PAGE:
It was in February of 2014, I was set to join the Executive MBA cohort at CEU Business School in Budapest. At the beautiful Munich International airport, I was waiting to board my flight to Budapest when suddenly I noticed the headline on the newspaper that my fellow traveler was reading. It was about demand for MBA graduates slowing down. I was about to begin my MBA journey the next day, this was not the kind of news I wanted to see or hear. I reassured myself – it must be a PR piece and nothing to do with actual job market situation.
Over the next 2 years, many events unfolded right in front of us, jobs are still there, but probably our CVs do not match those job descriptions. We also learned, analyzed and debated the reasons for mismatch in CV and job description. What new jobs are going to be there in 5 – 10 years from now, what skills we needed to acquire to still be able to make a difference. We also listened to and learned from others who navigated this path before us. We learned from the history, recent and far, studied the cases of some of the corporate world’s best and worst moves. We made friends and partied till dawn.
Before the MBA, I had set myself few goals and expectations, now that the course has ended, this is the right time to share what I learned from it and how it can help you.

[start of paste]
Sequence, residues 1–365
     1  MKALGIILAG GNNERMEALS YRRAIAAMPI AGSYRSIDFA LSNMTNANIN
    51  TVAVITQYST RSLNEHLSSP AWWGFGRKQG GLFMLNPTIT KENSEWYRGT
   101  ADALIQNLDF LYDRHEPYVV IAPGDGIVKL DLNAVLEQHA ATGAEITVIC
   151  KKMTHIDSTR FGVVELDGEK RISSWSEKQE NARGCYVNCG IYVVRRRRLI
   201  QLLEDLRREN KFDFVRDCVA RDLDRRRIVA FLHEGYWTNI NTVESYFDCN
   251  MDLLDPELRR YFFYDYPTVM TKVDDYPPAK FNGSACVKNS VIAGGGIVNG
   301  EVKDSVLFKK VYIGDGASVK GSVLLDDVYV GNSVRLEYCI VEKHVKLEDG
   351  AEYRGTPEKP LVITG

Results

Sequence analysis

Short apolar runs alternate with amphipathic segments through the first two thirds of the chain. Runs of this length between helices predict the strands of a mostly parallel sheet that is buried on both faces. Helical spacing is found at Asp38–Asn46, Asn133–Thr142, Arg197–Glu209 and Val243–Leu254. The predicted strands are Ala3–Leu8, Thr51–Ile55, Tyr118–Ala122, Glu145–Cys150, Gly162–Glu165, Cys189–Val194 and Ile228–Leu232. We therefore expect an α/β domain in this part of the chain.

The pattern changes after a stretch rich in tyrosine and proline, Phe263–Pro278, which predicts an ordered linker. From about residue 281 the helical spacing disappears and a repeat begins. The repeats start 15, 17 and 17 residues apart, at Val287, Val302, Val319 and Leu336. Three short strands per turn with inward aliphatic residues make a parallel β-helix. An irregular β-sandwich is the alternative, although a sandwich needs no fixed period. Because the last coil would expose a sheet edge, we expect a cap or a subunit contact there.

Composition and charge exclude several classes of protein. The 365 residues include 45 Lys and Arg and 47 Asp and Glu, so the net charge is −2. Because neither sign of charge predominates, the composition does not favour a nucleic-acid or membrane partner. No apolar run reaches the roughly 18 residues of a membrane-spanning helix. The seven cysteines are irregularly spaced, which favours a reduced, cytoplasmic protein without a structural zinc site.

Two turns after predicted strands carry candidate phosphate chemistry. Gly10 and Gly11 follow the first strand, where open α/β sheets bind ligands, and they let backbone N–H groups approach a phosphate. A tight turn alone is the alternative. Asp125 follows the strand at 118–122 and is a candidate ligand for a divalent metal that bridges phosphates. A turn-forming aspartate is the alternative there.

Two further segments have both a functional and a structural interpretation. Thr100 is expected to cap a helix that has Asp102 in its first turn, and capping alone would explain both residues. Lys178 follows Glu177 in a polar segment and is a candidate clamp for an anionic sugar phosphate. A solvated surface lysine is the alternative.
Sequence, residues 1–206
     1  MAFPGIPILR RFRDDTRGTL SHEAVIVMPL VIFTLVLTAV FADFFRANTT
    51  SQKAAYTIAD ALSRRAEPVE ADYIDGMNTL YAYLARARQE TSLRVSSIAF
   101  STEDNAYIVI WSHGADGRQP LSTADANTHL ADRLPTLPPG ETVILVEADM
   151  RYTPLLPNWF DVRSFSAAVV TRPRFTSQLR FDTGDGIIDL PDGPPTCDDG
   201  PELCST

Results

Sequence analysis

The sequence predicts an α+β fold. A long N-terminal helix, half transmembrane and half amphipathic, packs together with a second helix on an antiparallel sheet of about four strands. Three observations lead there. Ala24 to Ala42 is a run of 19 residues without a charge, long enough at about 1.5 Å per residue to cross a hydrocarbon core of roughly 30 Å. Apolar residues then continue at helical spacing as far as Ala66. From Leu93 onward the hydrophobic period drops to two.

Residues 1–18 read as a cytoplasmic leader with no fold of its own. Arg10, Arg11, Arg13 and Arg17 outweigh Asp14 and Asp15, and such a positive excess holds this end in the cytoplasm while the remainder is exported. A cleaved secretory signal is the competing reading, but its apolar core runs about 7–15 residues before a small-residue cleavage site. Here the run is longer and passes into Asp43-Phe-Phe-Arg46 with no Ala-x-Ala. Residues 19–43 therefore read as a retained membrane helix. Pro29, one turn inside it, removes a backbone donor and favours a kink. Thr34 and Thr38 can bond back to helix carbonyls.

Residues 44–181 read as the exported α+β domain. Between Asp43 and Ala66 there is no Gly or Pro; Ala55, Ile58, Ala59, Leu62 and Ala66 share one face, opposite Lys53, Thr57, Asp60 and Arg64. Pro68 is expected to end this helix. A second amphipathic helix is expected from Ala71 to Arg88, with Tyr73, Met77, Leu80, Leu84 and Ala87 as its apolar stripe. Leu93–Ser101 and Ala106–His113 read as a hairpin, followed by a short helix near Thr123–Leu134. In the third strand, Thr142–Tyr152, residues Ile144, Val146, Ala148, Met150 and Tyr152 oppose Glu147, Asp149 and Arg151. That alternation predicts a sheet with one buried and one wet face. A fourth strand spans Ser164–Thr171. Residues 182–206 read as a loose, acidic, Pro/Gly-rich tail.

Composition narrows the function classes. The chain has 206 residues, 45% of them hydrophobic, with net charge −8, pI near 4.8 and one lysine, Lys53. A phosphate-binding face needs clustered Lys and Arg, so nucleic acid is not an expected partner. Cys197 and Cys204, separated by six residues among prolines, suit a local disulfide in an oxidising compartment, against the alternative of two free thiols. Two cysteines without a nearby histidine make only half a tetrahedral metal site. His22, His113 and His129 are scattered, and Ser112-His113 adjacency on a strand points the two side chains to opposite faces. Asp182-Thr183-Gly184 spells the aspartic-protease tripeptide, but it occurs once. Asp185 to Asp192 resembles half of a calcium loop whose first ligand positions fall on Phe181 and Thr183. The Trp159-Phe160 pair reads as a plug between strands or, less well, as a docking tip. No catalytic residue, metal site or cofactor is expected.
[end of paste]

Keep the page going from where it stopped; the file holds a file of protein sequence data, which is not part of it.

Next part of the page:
We were “made to work” with each other during the MBA orientation program itself, I’m pretty sure all my fellow students remember how it went. It is difficult to answer – how much time do you need? – when you don’t know what the expected outcome is. And this is precisely what did the trick for me. Nobody knows the answer. There is no right or wrong answer. In business, we are always faced with such situations and need to choose a direction based on limited information. There are decisions made based on facts and figures at a certain point in time and acted upon.
Our first study groups were formed by student services office based on diversity, but they kept changing for every class and when students got the freedom to build their own groups, it followed a certain pattern too, diversity however, did not seem to be a criteria. This made me realize that diversity and inclusion is not natural to many individuals and cultures. This explains why diversity initiatives are so much in vogue in corporate world right now. Diversity must be consciously introduced in workplaces and partially enforced to make it work.
Not being in Budapest was sometimes a disadvantage for me, it would have been much more productive to meet all teammates and discuss things face-to-face. The teams I worked with most, had members in Budapest, Szeged, Munich and Kiev, sometimes Larnaca, Belgrade and Warsaw were also added to the mix for more fun. With this setup, Skype calls were the only option. I must also say that it got easier as we did projects after projects together and got to know each other better. Tasks that used to take days in the 1st trimester, could be completed in hours by 5th, 6th trimester. How you setup and work with your team will affect your learning experience significantly.
I’m curious to know how your group study experience was. How did it affect your learning experience positively or negatively? Share it in comments section.